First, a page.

Long-term report: Home charging changes the Mazda MX-30 experience

Jon Reay has recently had a home EV charger installed at his home, but has it changed how he feels about the MX-30?

Mazda MX-30
Mazda MX-30

What a year, eh? Well, nearly. We’re now entering an impressive nine months with the MX-30 on the fleet, but despite that, we’re still learning things about it.

For the first few months with the Mazda, I set myself the challenge of charging it up exclusively from public charge points. It was a challenge largely motivated by, uh, having no other option, but it did teach me a lot about the wily ways of minimising the time spent charging.

Since then, I’ve become one of those ‘homeowner’ people you see next to Kirstie and Phil, and even more importantly, have ample off street parking. As a result, the nice people at Mazda and Shell were able to provide me a NewMotion home charger – which, until recently, was Mazda’s preferred charging solution for the MX-30.

Mazda MX-30
A full charge can be completed overnight

This means we’ve now had a real go at using the MX-30 as Mazda intended it – and as expected, it’s transformed the ownership experience. Firstly, it’s surprising how little you feel the limitations of the MX-30’s range when it refills itself overnight without any drama.

100(ish) miles isn’t a lot by any stretch of the imagination, but Mazda is sort of correct; for the majority of journeys it’s plenty. 90% of the time, I never even drop below 50% of range – let alone see the ‘low battery’ message of doom.

Switching to an EV-specific home electricity tariff certainly helps too. Set the MX-30’s inbuilt timer to charge during off-peak hours and it costs just £1.50 to recharge its entire battery. £1.50! In 2021 money that’s less than a litre of unleaded.

Mazda MX-30
Its compact size means the MX-30 is a breeze to park

As a result of not stressing about hours at a charge point in an industrial estate, I’ve actually been appreciating the MX-30 more too. I realise this isn’t perhaps the angle Mazda chooses to sell its products on, but… it’s a rather relaxing thing to waft around in.

Take the ride for example – it’s not exactly Citroen Cactus-level soft, but it does a good job of isolating you from dodgy road surfaces, and yet does a reasonable job of feeling sporty when the occasion calls for it.

A little while ago – after months of riding around serenely in the MX-30 – I was behind the wheel of Vauxhall’s new Mokka-e, one of the Mazda’s closest rivals. I hated it. The interior wasn’t as nice, the driving position felt squashed, and the controls overly light and fidgety.

Mazda MX-30
The MX-30 is perfectly at home in the city

There’s a very good reason for this of course: the Mokka sits on the platform of the wee Corsa. The MX-30, meanwhile, borrows its underpinnings from the much larger Mazda 3 and CX-30.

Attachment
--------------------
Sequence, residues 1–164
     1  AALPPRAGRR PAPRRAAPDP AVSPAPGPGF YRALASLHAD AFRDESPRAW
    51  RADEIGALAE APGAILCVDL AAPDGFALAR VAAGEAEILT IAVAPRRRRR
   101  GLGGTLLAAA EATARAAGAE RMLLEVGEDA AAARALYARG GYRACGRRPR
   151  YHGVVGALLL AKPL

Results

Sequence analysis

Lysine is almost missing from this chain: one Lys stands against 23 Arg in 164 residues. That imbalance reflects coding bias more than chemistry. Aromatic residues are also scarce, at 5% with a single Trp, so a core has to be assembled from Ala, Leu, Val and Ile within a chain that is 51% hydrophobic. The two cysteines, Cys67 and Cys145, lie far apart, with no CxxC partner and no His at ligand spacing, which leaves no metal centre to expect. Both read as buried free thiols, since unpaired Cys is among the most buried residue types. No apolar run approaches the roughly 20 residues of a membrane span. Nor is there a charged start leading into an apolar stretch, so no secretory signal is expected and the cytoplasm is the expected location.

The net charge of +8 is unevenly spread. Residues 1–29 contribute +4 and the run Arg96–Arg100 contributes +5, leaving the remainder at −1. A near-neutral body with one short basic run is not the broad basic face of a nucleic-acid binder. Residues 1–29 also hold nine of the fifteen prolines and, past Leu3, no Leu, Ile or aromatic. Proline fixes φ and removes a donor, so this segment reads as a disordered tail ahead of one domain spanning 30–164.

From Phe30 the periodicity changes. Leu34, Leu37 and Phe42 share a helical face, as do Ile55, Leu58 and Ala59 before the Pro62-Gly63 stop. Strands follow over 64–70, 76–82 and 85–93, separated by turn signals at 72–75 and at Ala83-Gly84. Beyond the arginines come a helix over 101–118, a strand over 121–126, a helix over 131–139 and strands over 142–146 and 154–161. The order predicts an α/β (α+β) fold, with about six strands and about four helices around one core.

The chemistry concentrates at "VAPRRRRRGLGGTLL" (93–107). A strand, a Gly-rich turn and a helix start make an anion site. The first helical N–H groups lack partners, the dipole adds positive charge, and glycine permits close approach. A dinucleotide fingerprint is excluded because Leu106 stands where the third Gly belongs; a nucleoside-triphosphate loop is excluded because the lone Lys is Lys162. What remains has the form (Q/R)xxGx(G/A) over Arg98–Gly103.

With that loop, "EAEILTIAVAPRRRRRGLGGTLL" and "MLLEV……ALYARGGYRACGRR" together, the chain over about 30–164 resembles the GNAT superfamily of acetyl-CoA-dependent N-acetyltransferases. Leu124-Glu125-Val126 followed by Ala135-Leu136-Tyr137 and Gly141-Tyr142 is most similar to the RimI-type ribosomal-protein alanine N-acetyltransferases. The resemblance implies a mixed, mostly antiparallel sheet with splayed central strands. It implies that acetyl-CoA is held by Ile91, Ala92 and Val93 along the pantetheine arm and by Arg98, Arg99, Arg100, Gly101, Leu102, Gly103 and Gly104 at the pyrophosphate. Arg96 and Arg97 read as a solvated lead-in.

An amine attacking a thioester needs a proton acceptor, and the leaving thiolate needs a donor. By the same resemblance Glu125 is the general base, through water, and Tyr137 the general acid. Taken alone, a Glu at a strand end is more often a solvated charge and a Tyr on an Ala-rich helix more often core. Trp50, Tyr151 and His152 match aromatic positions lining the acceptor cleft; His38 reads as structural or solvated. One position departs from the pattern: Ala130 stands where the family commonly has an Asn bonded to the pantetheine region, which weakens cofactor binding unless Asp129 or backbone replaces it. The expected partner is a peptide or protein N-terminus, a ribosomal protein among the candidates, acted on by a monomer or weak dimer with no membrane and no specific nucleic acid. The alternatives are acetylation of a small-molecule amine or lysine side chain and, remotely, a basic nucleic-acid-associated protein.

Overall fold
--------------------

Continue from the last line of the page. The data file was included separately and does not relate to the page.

As a result, you get a much bigger-feeling car than any of Stellantis’s range of EVs – and a more premium-feeling, reassuringly solid interior too.

One of the things about the MX-30 that everyone seems to struggle with – myself included – is just who it’s for. An electric SUV with three doors and a small battery: what’s the point in it? But honestly, I think I’ve nailed it. It’s for people that want a sub-£30k EV for local(ish), but don’t want something as tiny as a Corsa, 208 or Mini.

Mazda MX-30
The MX-30 can charge at speeds of up to 30kW

I would probably be one of those people. If my commute matched that of my partner – a 60 mile round trip to Milton Keynes – I’d rather sit in the comfort and isolation of the MX-30 than being bounced along an A-road in a Corsa.

So far so good then, right? Sort of. My (thankfully rare) commute isn’t 60 miles, it’s 280. Gallingly said Corsa would get there and back with just one stop for charge. The MX-30 needs three.

A few niggles have also made themselves apparent – the first of which is to do with those snazzy ‘freestyle doors’.

Crowd pleasing they might be, but after nine months both sides have developed a fairly horrible rattle. They’re also, I have to say, utterly useless for access to the back seats unless you’ve got a nice big empty parking space next to you.

Mazda MX-30
The door design has proved a little frustrating at times

Secondly, the MX-30’s alarm doesn’t seem to appreciate the car being charged. As my now sleep-deprived neighbours kindly pointed out to me, the alarm goes off just as the charge comes to an end – typically at around uh, 3:30AM. David & Mary, if you’re reading, apologies again.

A quick Google reveals some other MX-30 owners with the same problem – but frustratingly there’s no way of forcing the alarm to turn off permanently in the car’s settings. Instead, you hit a disarm button on the remote within 30 seconds of locking the car, which is a great thing to realise you’ve forgotten in the middle of the night.

These issues aside, I’m still very much Team MX-30. It has limitations, and I’m certainly not the ideal usage case, but if you don’t need a big battery, it’s a very pleasant EV to have in your life. I just wish it went a little bit further…

  • Model: Mazda MX-30 GT Sport Tech
  • Price: £30,345 (after Govt grant)
  • Engine: Single electric motor
  • Power: 143bhp
  • Torque: 271Nm
  • 0-60mph: 9.7 seconds
  • Top speed: 87mph
  • Fuel economy: 19kWh / 100km
  • Emissions: 0g/km
  • Mileage: 7,697

Most Read

Most Read

Sorry, we are not accepting comments on this article.

Top Stories

More from the Shropshire Star

UK & International News